This is reflected in Moshe’s words “Why will you discourage...? This is what your ancestors did.” The spies convinced (themselves and) the Jews not to enter Eretz Yisrael (not only by saying: “We cannot ascend,” but also) by speaking unfavorably about Eretz Yisrael, saying: “This is its fruit.”13 (This was said even before they said:14 “But the nation that dwells in the land is powerful.”) Similarly, by saying that this land [Transjordan] is better than Eretz Yisrael, the tribes of Gad and Reuven15 would prevent (themselves) and the other Jews from entering16

b) “This is what your ancestors did” — speaking unfavorably about the land itself, as explained. “the land which G‑d gave them.”17

{On this basis, we can appreciate why, when saying “This is what your ancestors did,” Moshe said: “They went up from the wadi of Eshkol.”18 [Here, Moshe was making an allusion, for eshkol means “a cluster,” referring] to “the cluster of grapes which the children of Israel cut from there.”19 The spies [showed the Jewish people this cluster when they] said: “This is its fruit.”}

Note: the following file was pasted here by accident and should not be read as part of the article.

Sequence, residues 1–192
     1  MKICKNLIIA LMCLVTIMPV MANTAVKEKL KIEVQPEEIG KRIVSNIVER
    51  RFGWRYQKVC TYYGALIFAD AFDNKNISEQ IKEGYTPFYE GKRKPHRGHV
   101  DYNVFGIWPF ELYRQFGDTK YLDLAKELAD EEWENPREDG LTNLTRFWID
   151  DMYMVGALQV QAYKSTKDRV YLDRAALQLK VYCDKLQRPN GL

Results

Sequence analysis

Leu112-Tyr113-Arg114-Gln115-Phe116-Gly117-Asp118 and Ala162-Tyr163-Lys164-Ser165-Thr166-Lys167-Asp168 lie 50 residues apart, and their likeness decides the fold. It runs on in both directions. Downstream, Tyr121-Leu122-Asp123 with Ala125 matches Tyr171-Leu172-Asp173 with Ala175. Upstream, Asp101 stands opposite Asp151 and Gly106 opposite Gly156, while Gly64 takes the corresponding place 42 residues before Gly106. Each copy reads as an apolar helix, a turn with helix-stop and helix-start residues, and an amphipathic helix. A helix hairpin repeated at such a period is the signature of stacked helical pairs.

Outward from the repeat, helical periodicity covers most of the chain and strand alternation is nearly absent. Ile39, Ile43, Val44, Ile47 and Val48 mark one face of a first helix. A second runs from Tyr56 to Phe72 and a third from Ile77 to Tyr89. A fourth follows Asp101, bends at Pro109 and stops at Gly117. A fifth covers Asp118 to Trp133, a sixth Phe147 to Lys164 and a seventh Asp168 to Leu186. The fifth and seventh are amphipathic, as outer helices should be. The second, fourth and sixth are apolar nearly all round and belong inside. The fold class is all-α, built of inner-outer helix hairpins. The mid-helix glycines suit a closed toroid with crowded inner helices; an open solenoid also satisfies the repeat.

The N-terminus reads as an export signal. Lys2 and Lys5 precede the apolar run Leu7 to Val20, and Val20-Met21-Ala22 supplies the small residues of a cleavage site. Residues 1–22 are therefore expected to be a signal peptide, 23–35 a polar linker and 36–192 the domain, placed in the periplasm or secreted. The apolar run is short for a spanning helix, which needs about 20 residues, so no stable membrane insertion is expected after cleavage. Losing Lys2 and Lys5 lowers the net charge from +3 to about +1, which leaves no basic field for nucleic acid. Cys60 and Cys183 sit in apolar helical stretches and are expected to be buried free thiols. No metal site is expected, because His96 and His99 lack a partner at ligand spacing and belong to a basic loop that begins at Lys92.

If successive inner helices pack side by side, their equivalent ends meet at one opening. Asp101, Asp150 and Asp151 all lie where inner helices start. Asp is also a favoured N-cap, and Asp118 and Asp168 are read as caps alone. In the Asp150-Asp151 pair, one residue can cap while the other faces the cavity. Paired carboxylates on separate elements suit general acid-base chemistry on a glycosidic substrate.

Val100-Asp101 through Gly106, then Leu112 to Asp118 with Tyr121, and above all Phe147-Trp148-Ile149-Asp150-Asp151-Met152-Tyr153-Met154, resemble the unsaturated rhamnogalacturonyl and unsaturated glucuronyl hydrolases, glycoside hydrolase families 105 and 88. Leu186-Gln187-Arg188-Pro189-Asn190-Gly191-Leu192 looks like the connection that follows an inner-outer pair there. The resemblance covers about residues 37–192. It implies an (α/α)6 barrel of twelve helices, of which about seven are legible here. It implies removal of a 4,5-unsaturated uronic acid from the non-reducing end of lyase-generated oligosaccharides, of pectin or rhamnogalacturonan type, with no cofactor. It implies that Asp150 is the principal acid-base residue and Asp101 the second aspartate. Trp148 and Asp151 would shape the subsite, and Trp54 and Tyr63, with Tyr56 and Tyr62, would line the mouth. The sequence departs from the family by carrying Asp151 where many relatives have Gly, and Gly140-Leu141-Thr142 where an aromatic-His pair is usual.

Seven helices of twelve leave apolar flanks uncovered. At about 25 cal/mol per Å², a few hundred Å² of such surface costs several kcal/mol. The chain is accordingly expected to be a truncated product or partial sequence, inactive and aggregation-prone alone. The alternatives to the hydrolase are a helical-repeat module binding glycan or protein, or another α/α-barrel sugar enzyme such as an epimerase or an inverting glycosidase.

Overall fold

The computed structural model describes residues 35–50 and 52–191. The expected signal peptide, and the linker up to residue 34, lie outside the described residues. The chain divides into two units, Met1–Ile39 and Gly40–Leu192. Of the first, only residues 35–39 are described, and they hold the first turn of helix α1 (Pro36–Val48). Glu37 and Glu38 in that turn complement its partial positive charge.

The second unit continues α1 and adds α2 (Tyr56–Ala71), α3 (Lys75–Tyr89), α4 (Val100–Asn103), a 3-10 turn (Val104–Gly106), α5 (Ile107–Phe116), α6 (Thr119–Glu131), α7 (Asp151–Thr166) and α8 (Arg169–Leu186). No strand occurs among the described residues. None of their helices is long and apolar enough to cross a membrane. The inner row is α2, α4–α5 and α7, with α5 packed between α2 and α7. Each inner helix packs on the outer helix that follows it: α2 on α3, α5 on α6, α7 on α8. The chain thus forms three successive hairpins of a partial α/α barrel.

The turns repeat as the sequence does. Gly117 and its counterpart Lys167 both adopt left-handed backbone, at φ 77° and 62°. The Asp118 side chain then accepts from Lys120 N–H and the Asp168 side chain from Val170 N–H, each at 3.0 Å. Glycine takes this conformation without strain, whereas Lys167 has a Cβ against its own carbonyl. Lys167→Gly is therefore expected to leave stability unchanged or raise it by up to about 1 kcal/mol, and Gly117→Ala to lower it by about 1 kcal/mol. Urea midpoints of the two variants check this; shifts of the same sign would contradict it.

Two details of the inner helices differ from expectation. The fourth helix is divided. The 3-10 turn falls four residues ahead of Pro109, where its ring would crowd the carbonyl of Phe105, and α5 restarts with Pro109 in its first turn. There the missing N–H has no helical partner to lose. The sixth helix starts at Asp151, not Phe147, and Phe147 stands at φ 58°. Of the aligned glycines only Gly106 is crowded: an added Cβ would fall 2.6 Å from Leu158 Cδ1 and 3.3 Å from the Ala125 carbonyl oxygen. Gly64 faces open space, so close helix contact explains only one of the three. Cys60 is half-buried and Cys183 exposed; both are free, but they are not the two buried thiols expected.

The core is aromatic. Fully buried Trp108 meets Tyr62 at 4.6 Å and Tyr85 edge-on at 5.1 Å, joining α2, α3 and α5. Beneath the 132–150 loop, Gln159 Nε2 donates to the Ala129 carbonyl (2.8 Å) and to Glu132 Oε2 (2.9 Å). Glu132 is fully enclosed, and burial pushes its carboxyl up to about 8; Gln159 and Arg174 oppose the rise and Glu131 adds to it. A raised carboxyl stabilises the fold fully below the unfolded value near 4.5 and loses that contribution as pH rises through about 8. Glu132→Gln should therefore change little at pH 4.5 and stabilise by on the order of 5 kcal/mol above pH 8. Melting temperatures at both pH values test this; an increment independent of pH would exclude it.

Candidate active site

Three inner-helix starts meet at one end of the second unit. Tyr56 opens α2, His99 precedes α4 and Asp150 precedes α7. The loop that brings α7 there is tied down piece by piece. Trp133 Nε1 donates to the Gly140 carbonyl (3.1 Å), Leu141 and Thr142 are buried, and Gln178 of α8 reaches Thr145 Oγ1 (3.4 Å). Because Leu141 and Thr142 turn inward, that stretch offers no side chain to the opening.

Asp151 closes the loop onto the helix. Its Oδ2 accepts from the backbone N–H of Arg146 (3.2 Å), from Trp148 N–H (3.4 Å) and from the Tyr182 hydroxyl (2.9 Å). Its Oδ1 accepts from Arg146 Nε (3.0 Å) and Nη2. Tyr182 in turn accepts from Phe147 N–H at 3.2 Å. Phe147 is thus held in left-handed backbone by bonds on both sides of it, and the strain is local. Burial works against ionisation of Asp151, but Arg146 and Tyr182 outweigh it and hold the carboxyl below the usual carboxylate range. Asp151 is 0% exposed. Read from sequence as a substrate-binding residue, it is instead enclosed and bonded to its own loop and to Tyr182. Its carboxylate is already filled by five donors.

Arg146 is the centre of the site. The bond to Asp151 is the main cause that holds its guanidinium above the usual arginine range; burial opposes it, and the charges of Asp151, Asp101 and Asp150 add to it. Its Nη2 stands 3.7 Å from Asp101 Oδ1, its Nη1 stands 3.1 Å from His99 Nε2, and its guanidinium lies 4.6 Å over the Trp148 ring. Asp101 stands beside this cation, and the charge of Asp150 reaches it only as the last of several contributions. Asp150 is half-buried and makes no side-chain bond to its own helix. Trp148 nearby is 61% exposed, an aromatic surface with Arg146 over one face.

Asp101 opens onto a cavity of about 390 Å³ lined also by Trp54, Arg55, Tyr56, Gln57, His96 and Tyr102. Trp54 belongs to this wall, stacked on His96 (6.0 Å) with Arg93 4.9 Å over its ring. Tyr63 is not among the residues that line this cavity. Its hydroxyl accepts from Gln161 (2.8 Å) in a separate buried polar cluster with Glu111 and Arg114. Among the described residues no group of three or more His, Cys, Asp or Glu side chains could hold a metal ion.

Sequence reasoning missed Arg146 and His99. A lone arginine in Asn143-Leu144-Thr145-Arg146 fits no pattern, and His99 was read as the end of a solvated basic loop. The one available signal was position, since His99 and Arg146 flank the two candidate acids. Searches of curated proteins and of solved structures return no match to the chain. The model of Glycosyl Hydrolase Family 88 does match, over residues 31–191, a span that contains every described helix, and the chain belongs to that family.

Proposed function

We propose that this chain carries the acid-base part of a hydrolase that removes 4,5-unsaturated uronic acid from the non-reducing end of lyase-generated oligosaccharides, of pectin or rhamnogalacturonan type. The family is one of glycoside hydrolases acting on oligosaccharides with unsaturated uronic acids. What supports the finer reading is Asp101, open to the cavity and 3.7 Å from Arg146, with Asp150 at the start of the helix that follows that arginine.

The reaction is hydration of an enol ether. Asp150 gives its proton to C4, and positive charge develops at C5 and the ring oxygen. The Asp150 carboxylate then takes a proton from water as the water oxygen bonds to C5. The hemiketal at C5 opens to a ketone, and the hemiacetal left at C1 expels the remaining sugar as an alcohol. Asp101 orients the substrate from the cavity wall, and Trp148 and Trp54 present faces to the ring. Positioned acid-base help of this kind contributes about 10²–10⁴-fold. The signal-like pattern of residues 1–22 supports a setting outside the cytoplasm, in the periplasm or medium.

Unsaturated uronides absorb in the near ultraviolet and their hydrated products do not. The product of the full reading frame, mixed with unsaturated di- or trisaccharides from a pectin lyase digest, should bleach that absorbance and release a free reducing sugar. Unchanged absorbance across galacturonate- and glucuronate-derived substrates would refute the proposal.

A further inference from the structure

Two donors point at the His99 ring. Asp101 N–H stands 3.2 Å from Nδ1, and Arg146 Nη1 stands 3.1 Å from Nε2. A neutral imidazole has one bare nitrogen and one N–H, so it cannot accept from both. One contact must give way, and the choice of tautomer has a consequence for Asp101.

This also enables us to appreciate why even after the tribes of Gad and Reuven promised to proceed as “a vanguard before the Jewish people”20 and Moshe agreed,21 [settling in Transjordan] was considered an undesirable act (as mentioned in section I). Moshe’s agreement to their stipulation related only to the effect their decision would have on other Jews. [By proceeding as a vanguard, they would not discourage them.] For the tribes of Gad and Reuven themselves, [however,] settling in a land which is “outside of Eretz Yisrael” is considered undesirable.22

This explanation, however, raises another question: Moshe was concerned, not only with our people as a whole, but with every member of our people. Certainly, he was concerned with two and a half tribes. Why then did Moshe agree to a plan which — although it forewarned the possibility of problems arising with regard to the other tribes — appears to show a lack of concern for the fact that the tribes of Gad and Reuven would not receive an inheritance in Eretz Yisrael?23

III. [The above difficulty can be resolved on the basis of] the explanations in Chassidus24 why the tribes of Reuven and Gad desired to remain in Transjordan and occupy themselves with pasturing flocks. Working as a shepherd does not involve that many disturbances25 [or intense involvement with worldly matters]. While pursuing that occupation, it is still possible to remain connected to G‑d.

For this reason,26 the Patriarchs and Yaakov’s sons
(— with the exception of Yosef —) chose to work as shepherds, so they would not be distracted by worldly matters and [would] remain a “chariot,” [i.e., a medium for the expression] of G‑dliness.